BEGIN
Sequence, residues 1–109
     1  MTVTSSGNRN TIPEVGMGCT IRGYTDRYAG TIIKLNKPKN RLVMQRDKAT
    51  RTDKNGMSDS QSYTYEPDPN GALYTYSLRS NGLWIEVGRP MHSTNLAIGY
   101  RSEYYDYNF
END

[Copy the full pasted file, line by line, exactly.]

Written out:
Sequence, residues 1–109
     1  MTVTSSGNRN TIPEVGMGCT IRGYTDRYAG TIIKLNKPKN RLVMQRDKAT
    51  RTDKNGMSDS QSYTYEPDPN GALYTYSLRS NGLWIEVGRP MHSTNLAIGY
   101  RSEYYDYNF